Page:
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Jolene goes to Copenhagen

For the past couple years (or at least close to 2 years), I've had an uncanny desire to visit the city of Copenhagen, Denmark. I'd seen Copenhagen mentioned on a travel show that I don't even normally watch, and I was hooked. There was something about the colorful buildings in Nyhavn, Dutch royalty, and overall look of the city that peaked my interest. Everywhere I went, it seemed Copenhagen popped up! So of course, you can imagine my excitement when we were actually on a flight from London to Copenhagen!

I'd also like to note that I don't believe I had a common tourist experience. I had plans to attend a conference, and was at the mercy of the plans made by our informal tour group. I left most of my time open, to enjoy time making new friends and simply being in the city. You may not find many "typical" Copenhagen experiences, but my trip was special nonetheless.

WEDNESDAY, 10/11/17

We took an extremely short flight from London to Copenhagen. Our original estimated time of 2.5 hours easily turned into around 1.5. It was already a great start! We flew British Airways, which did a great job loading everyone on the plane in a timely, organized way. The pilot was also pretty great throughout our flight.

After doing so much research about Copenhagen, I should not have been surprised at the thick, gray layer of cloud that met us as we were landing. I couldn't even see the ground during our descent! Our pilot let us know that there was some passing rain; the good news is that it was just that - passing and temporary. Because we landed around 5:30PM, the only plans we had were for dinner, so we found our way to our Airbnb, freshened up, and headed out to our first adventure.

This is where I experienced my first culture shock. In Europe, I am always impressed with the ease in which one can adjust to the public transportation system, so I had an expectation that I would have no problems getting around Copenhagen. While there is absolutely nothing wrong with their system, I'm the one who had the problem - I learned the hard way, that Danish cannot be read phonetically. I knew which bus to take, and which stop to get off at. However, within the first bus we took, there was no map inside! We calmly looked at each other and agreed we would "wait until the next stop was announced" to see which stop we were at. The automated message played, and we had zero clue as to which stop we were at. Thankfully, this proved to be a non-issue since I had a data plan and was able to use Google maps to get us to our destination.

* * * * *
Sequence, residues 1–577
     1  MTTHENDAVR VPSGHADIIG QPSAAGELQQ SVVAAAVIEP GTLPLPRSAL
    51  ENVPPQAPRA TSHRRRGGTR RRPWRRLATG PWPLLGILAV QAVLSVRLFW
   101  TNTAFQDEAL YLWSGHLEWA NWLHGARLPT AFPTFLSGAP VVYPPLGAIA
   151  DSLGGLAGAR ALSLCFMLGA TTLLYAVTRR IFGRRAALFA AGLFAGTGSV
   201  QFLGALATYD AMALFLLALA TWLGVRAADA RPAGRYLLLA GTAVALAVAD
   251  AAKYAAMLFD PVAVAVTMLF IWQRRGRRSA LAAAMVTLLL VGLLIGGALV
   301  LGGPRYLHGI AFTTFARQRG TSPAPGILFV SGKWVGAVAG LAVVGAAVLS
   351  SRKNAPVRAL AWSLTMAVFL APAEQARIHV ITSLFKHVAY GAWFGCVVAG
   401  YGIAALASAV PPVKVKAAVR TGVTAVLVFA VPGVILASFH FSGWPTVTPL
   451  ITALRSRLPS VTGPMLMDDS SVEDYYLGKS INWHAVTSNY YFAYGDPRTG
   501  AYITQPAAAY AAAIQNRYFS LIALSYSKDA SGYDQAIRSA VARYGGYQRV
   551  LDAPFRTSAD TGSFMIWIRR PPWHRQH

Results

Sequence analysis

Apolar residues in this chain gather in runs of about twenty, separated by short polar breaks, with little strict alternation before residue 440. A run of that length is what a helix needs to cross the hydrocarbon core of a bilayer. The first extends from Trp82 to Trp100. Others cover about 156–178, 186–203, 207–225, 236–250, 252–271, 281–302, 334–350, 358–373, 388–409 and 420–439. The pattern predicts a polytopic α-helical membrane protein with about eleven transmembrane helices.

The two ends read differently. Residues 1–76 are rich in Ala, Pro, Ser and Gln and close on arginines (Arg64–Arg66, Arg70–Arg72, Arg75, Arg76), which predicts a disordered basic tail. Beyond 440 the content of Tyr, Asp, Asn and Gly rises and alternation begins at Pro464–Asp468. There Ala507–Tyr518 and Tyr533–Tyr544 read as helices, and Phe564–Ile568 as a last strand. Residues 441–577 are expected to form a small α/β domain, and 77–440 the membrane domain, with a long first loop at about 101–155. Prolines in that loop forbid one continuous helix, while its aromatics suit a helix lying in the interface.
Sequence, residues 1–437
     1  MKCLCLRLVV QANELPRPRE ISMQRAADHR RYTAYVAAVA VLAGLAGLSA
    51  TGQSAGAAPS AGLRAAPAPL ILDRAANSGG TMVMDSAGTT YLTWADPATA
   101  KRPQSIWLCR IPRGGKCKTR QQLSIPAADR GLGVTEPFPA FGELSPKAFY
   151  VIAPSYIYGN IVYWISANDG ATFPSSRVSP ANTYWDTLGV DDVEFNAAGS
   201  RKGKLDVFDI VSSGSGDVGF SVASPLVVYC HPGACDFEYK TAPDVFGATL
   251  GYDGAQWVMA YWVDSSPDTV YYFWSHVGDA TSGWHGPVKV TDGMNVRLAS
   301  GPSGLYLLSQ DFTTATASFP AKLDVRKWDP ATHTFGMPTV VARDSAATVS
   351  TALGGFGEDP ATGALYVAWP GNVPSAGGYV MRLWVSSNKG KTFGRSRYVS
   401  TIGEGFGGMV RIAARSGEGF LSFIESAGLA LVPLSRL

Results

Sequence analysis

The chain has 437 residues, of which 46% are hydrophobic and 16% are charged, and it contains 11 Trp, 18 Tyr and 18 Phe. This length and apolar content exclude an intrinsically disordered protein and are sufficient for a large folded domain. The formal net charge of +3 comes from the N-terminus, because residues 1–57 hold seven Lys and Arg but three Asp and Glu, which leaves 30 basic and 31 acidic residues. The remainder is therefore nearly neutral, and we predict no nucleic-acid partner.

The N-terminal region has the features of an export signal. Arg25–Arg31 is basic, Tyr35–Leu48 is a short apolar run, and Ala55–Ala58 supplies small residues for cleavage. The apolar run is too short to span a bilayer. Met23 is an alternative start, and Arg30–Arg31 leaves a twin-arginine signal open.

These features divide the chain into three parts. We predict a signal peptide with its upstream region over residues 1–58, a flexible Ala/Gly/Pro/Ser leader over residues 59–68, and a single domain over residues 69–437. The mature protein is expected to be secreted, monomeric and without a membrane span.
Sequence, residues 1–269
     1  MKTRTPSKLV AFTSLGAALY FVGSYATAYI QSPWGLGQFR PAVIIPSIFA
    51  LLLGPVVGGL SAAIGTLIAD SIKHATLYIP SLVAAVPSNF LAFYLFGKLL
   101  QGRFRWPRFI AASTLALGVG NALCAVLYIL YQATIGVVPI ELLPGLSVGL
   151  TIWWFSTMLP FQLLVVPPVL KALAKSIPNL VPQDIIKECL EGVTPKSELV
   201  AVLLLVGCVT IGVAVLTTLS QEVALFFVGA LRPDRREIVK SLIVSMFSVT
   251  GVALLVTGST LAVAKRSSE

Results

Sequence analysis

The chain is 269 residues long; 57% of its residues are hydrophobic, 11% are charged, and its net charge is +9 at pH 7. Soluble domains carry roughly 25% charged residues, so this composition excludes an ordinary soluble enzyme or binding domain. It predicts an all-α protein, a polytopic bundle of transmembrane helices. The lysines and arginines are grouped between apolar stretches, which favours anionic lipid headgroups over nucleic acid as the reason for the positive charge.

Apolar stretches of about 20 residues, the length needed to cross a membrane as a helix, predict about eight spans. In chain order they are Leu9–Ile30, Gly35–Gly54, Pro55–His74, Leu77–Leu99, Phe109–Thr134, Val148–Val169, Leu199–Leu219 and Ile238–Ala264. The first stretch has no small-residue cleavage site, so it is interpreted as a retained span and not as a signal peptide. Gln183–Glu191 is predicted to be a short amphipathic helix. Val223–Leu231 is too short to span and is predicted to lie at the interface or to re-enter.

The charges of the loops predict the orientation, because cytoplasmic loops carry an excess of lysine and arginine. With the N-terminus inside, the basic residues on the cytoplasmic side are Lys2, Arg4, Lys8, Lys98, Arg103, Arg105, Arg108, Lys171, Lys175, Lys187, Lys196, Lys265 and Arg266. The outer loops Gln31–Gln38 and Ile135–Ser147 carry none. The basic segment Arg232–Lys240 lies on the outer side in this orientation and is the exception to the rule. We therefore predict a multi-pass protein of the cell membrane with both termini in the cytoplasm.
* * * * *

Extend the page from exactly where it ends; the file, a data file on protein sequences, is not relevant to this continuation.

We enjoyed our magnificent Michelin-starred meal (my first!), and headed home to get a good night's sleep before the rest of our 6-day adventure in Copenhagen.

I was completely enamored with our Airbnb - click here to see where we stayed.

THURSDAY, 10/12/17

Part of our trip to Copenhagen was attending a Christian conference and meeting up with some local Christians who would take us sightseeing. As I mentioned above, I'd wanted to visit Copenhagen for a long while; I didn't know about the conference or anything until after the fact, so you could say things worked out more than perfectly.

We met at Nørreport Station, a bustling area of Copenhagen. This was my first real impression of the city, watching the Danes go about their day, observing their lowkey fashion, effortless style, and even their interactions with their city. In that crisp, cold morning, I found true beauty in Copenhagen. No, not the beauty you would find in the South of France or in the Swiss Alps, but a similar beauty to that which I found in London. The longer you stay, the more you notice, and the more you appreciate it.

We didn't spend too much time sightseeing, just a couple hours, but one honorable mention was definitely the Rundetaarn, also known as the Round Tower. It's somewhat of a strange attraction - a centuries-old structure built as an observatory, with one major quirk: most of the tower is one continuous slope up to the top. There are hardly any steps, making for a somewhat leisurely stroll to a stunning view at the top. While entry is not free, a mere 25kr is totally worth the trip.